An Ally For Caregivers And Families In Central Illinois
Guardianship proceedings are often used to obtain legal recognition of a relationship that already exists. Recent developments in guardianship law require that an accurate assessment of the case be made, and that there be aggressive advocacy.
Our attorneys — Susan Butler, Kelly Giraudo and Tamara Meister — are family law attorneys serving clients in Peoria and Tazewell counties in Central Illinois. As certified guardians ad litem, they have extensive experience representing children and disabled adults in court proceedings. Understanding the court’s point of view helps us effectively represent people who wish to take on the role of guardian or parent.
We also take the time to understand your point of view. We take pride in the relationships we develop with our clients. Working side by side with you, we will help you secure the legal rights you need to protect and care for those you love.
Guardianship Proceedings On Behalf Of Minors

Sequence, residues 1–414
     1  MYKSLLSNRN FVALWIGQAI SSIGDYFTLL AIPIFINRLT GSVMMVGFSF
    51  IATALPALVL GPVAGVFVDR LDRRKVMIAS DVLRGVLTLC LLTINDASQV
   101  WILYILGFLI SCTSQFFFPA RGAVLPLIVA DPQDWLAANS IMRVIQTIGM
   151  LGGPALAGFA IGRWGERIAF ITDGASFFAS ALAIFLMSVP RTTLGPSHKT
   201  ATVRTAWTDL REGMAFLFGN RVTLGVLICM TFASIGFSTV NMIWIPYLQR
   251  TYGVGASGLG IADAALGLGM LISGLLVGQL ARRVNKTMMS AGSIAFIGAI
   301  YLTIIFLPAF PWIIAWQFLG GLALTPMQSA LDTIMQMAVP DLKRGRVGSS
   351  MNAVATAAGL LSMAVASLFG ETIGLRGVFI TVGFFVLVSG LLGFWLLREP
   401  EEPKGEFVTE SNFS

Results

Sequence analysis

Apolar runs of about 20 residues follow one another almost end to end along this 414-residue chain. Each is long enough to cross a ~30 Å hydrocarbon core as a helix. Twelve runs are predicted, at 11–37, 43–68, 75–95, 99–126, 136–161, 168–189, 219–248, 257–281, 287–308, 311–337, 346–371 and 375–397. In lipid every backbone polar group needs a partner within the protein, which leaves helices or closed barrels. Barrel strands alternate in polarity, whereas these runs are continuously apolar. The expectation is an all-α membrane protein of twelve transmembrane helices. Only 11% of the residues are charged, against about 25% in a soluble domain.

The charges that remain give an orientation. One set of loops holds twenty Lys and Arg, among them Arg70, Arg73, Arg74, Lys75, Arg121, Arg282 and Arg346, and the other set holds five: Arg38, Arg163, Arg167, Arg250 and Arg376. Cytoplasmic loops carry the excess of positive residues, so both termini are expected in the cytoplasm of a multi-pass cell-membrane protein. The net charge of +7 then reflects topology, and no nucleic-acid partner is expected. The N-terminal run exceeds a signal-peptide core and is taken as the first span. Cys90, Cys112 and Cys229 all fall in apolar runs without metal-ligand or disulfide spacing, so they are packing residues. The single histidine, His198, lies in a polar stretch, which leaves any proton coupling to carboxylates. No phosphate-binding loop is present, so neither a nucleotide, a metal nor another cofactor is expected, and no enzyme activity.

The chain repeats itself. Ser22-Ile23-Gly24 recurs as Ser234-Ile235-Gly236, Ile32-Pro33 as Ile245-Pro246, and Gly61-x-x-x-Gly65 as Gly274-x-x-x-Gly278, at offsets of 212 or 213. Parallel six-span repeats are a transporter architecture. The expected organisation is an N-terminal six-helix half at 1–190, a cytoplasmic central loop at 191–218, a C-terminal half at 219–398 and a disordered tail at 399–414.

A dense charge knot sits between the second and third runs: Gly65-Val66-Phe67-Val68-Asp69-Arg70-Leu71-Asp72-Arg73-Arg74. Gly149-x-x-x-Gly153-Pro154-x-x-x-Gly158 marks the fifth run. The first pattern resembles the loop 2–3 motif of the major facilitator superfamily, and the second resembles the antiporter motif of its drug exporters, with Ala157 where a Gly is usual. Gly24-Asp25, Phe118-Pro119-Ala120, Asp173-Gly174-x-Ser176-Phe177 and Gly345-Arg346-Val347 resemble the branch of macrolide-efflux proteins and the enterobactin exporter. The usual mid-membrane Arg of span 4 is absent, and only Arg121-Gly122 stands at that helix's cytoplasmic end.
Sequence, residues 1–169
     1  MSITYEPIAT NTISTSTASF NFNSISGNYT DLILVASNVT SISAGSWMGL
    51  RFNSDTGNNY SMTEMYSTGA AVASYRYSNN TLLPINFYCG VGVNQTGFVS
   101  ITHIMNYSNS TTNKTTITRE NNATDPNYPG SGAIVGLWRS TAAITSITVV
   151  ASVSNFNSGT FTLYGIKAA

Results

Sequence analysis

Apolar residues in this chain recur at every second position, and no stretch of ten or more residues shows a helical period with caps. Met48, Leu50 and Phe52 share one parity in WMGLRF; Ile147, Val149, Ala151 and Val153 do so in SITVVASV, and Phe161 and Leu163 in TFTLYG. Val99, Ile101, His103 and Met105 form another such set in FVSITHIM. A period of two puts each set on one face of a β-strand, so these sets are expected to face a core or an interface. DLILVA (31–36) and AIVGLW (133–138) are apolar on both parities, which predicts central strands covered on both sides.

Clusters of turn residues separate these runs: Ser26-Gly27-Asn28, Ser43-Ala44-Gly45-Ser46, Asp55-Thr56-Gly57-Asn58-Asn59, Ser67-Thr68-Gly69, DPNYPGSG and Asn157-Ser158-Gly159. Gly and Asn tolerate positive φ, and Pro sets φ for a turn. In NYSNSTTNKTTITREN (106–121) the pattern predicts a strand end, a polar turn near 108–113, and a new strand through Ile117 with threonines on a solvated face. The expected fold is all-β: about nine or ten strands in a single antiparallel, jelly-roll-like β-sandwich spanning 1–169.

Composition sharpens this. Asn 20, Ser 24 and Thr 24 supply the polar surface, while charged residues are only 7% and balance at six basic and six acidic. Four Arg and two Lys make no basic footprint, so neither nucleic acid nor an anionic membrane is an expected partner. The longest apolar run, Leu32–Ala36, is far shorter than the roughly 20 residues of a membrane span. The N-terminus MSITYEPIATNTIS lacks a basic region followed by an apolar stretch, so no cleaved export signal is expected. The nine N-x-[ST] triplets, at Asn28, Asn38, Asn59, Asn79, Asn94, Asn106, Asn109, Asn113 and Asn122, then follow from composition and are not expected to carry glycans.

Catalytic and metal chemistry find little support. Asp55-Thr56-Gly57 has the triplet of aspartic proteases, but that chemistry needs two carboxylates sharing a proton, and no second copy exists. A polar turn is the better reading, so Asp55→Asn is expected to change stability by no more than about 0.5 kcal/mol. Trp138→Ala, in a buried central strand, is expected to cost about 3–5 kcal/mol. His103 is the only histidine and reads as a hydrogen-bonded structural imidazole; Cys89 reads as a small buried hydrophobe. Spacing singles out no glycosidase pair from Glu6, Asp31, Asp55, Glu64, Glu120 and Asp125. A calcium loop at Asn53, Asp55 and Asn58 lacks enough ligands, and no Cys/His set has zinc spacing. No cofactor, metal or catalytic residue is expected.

We represent clients who desire to be appointed guardians of minors. If you are temporarily taking care of a grandchild or the child of a relative, becoming the child’s guardian will give you the legal authority to make medical and educational decisions for the child. Once you have been appointed guardian, you will likely be able to obtain group medical insurance for the child. You will also have authority to enroll the child in school, consent to medical treatment and to make all the necessary decisions for the child’s well-being.
Pekin Lawyer Handling Guardianship Of A Disabled Adult
As parents age or disabled children near adulthood, many people find themselves in a difficult position. These loved ones require care and help making financial, health care and other personal decisions.
If your parent did not designate you as his or her agent under a durable power of attorney and then becomes incapacitated, you will need to go through the court process to become your parent’s guardian in order to handle his or her personal and financial affairs. A far less costly — and much more private and personal alternative to the guardianship process — is for a parent to sign a durable power of attorney for health care while still competent. Our attorneys can assist you and your elderly relatives in preparing these documents.
If your disabled child is close to turning 18, you will need to seek guardianship so you can continue to provide the care and support your child needs. It is never too early to plan for a potential need. Making your own choices, rather than leaving the health or finances on your loved ones to chance, makes sense.